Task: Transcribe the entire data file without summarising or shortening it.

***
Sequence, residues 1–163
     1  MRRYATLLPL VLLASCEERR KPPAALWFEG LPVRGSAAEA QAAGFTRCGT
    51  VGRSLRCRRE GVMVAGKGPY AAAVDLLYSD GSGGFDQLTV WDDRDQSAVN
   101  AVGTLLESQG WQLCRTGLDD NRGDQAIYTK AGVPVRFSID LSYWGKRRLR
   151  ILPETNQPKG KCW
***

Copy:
Sequence, residues 1–163
     1  MRRYATLLPL VLLASCEERR KPPAALWFEG LPVRGSAAEA QAAGFTRCGT
    51  VGRSLRCRRE GVMVAGKGPY AAAVDLLYSD GSGGFDQLTV WDDRDQSAVN
   101  AVGTLLESQG WQLCRTGLDD NRGDQAIYTK AGVPVRFSID LSYWGKRRLR
   151  ILPETNQPKG KCW